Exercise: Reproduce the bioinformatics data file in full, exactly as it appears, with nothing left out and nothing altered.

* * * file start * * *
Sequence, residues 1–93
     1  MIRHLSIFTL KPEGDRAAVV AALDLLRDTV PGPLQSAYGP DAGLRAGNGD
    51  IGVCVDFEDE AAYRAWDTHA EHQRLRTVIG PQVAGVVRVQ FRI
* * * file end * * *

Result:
Sequence, residues 1–93
     1  MIRHLSIFTL KPEGDRAAVV AALDLLRDTV PGPLQSAYGP DAGLRAGNGD
    51  IGVCVDFEDE AAYRAWDTHA EHQRLRTVIG PQVAGVVRVQ FRI